instruere...inlustrare...delectare Disputations

Monday, October 08, 2007

The Rosary: Remedy for Pride

I'm sure you've heard of the humble peasant grandmother, praying her Rosary in the dim light of her little parish church, who is holier than the highbrow theologian airily holding forth from his university pulpit.

You may not have heard quite so much about the humble peasant grandmother's sister-in-law, who also prays her Rosary in the dim light of her little parish church, but who's an absolute fishwife and meaner than a wildcat in a rain barrel.

Whichever story you want to tell, though, there's no getting around the fact that the Rosary is a humble prayer. A vulgar prayer, even. Sure, people have dressed it up in all sorts of fancy ways -- see for example the "Musical Rosary" described in several posts at Orbis Catholicus -- but when you get down to it, it's a prayer designed for and sustained by the masses.

Which means it's not a prayer designed for or sustained by showing off. If you reach into your pocket or purse for something, and a set of rosary beads falls out, chances are no one who sees it will be impressed. Non-Christians will think you're one of those weird Catholic nuts; they may also be creeped out by the thought of you carrying a crucifix around with you. Protestants may shake their heads, and Evangelicals may wag their tongues, at all that vain repetition you do. Catholics who themselves carry rosary beads will think you're a bit clumsy. Catholics who don't themselves carry rosary beads (for such do exist) will think you're one of those weird Catholic nuts.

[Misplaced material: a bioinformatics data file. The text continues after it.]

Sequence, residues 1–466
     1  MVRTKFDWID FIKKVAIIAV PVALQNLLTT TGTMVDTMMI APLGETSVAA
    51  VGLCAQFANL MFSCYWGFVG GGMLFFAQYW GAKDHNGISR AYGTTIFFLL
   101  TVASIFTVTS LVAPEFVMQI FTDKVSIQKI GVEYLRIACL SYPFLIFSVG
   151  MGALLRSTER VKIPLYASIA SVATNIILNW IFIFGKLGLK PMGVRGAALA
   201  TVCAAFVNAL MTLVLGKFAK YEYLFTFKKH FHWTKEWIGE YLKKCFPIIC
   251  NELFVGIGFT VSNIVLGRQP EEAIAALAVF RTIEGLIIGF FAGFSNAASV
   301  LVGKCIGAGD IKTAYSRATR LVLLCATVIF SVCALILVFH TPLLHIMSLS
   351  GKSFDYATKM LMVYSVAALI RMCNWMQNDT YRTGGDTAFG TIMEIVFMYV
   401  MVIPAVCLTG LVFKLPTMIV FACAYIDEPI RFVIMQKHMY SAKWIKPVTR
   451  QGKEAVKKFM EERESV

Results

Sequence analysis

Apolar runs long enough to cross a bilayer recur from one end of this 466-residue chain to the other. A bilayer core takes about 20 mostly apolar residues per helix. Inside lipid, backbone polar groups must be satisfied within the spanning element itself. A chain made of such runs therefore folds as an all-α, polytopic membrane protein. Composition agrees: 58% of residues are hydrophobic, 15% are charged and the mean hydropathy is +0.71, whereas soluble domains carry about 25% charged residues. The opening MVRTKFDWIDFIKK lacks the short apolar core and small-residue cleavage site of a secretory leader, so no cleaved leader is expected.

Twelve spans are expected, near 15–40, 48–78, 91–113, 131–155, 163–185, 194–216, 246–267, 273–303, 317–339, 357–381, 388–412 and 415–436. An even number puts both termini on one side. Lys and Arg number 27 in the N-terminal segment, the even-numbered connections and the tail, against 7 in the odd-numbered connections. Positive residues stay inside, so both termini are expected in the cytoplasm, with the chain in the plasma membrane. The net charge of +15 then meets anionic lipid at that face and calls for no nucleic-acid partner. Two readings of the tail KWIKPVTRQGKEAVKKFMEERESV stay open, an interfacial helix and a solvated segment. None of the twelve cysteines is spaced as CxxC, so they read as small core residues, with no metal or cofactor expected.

And you certainly won't come off in front of any professional Catholic as au courant, with it, or highbrow. (I'd guess even a Womyn's Mysteries Rosary is too dated these days.)

True, there is a thin slice of humanity who would think more of someone for their devotion to the Rosary. But most of those, being of the people, aren't the sort whose praise puffeths one up.

And the Rosary combats pride even if you find a retro-cool P.O.D. Catholic community in which the Rosary is where it's at. That's because, notwithstanding my constant refrain that you shouldn't worry about praying it perfectly, it can be a real challenge to pray the Rosary even half-decently.

It is a very forgiving devotion, but then, there's a lot to forgive. How many other devotions are there with uncounted numbers of pamphlets and books on how not to completely mess it up? You can't -- I insist that it's simply impossible to -- make a mental note to get a stamp for the gas bill an instant before you arrive at the "Glory Be" for the Third Sorrowful Mystery, and in that moment think you're pretty hot stuff.

In this way, the Rosary is a lot like golf, except you swear less and don't count as high.

(Speaking of counting too high, there's nothing quite like leading the group of little old ladies after daily Mass in an eleven-Ave decade.)

(Also, when I pray the Rosary in a group, I spend a lot of the time thinking, "Gosh, everyone else sounds so recollected!")

(Then there was the time someone (a little old lady, in fact, who'd prayed the Rosary daily for decades) was asked to lead the post-Mass Rosary, and after a few brave tries admitted, "I can't remember the Apostles' Creed!")

(See, the Rosary operates on a very simple and natural level, in addition to a more rarefied spiritual one.)